Andra Watkins, Author of To Live Forever: An Afterlife Journey of Meriwether Lewis, Asks One More Question of the Famed Explorer and Opens up About the Best and Worst Experiences She's Had During Her Own Historic Walk of the Natchez Trace

Monday, April 7, 2014

I would very much like to welcome Andra Watkins, author of To Live Forever: An Afterlife Journey of Meriwether Lewis. Ms. Watkins was nice enough to answer some questions for me about her own historic walk of the Natchez Trace and Meriwether Lewis. Thank you so much for stopping by Emeraldfire's Bookmark, Ms. Watkins, and I wish you all the best now and in the future!

Meet Andra Watkins

I’m Andra Watkins. I’m a native of Tennessee, but I’m lucky to call Charleston, South Carolina, home for 23 years.

I’m the author of To Live Forever: An Afterlife Journey of Meriwether Lewis from Word Hermit Press. It’s a mishmash of historical fiction, paranormal fiction and suspense that follows Meriwether Lewis (of Lewis and Clark fame) after his mysterious death on the Natchez Trace in 1809.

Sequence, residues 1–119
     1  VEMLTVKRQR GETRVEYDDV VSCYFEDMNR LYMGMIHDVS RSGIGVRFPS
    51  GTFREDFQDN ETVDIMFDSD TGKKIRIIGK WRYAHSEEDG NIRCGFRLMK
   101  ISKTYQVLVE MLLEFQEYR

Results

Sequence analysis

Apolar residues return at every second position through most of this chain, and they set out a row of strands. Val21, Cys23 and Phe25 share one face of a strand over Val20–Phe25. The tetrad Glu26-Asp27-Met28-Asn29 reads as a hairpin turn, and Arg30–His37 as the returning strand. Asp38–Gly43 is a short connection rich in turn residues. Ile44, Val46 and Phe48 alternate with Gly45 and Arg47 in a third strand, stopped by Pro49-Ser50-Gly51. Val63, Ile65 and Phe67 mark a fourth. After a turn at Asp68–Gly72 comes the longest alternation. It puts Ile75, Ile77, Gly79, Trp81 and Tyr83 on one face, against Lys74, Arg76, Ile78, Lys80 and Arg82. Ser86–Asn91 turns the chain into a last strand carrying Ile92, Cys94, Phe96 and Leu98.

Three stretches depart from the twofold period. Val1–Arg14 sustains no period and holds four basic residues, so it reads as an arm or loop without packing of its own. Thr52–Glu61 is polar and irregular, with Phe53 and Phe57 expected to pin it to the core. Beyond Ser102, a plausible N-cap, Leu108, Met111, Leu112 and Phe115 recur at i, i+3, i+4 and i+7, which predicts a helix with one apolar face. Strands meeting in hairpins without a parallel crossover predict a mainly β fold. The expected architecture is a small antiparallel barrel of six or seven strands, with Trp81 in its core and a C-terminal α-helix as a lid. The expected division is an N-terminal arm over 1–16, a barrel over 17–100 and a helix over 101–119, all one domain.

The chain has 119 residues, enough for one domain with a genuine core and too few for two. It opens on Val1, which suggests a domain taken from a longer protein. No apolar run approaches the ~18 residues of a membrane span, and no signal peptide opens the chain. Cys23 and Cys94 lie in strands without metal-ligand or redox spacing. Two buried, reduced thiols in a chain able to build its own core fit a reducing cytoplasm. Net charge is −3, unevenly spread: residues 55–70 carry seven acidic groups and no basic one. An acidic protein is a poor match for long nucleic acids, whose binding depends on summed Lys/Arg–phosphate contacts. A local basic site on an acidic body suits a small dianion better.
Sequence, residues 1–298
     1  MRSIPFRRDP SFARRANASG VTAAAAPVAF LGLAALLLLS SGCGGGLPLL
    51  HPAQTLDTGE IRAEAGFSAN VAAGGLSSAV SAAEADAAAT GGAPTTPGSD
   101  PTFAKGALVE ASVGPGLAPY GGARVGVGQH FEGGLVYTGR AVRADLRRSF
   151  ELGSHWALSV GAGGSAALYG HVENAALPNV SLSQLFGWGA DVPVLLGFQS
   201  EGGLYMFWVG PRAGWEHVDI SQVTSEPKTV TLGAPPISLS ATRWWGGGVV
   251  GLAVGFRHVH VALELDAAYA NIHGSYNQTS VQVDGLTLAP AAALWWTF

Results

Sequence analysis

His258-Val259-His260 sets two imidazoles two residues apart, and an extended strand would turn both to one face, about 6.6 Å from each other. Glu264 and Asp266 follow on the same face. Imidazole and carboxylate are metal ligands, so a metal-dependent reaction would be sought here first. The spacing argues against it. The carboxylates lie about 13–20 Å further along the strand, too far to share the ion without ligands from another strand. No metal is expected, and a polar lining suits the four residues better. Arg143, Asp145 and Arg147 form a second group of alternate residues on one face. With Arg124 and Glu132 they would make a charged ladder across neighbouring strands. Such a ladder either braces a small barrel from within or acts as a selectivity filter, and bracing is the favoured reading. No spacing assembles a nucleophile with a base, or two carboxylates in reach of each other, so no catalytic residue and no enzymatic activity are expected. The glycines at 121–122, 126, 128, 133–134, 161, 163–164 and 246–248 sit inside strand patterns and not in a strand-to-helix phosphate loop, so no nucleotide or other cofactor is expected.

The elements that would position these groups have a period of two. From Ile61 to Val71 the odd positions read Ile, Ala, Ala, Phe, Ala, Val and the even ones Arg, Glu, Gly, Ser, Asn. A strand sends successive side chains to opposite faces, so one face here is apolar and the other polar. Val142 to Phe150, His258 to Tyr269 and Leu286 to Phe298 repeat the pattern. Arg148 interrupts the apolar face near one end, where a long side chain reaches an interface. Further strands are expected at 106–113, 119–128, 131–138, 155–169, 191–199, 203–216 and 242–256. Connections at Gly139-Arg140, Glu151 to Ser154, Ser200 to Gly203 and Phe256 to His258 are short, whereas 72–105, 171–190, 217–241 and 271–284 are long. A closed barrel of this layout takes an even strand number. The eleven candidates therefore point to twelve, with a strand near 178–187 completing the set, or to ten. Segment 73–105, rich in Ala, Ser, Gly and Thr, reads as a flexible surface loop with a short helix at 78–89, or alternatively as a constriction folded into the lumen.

I Like:
  1. Hiking
  2. Eating (A lot; Italian food is my favorite.)
  3. Traveling (I never met a destination I didn’t like.)
  4. Reading (My favorite book is The Count of Monte Cristo.)
  5. Coffee (the caffeinated version) and COFFEE (sex)
  6. Performing (theater, singing, public speaking, playing piano)
  7. Time with my friends
  8. Sirius XM Chill
  9. Yoga (No, I can’t stand on my head.)
  10. Writing in bed
  11. Candlelight
I Don't Like:
  1. Getting up in the morning
  2. Cilantro (It is the devil weed.)
  3. Surprises (For me or for anyone else.)
  4. House Cleaning
  5. Cooking

Synopsis of To Live Forever: An Afterlife Journey of Meriwether Lewis:

Is remembrance immortality? Nobody wants to be forgotten, least of all the famous.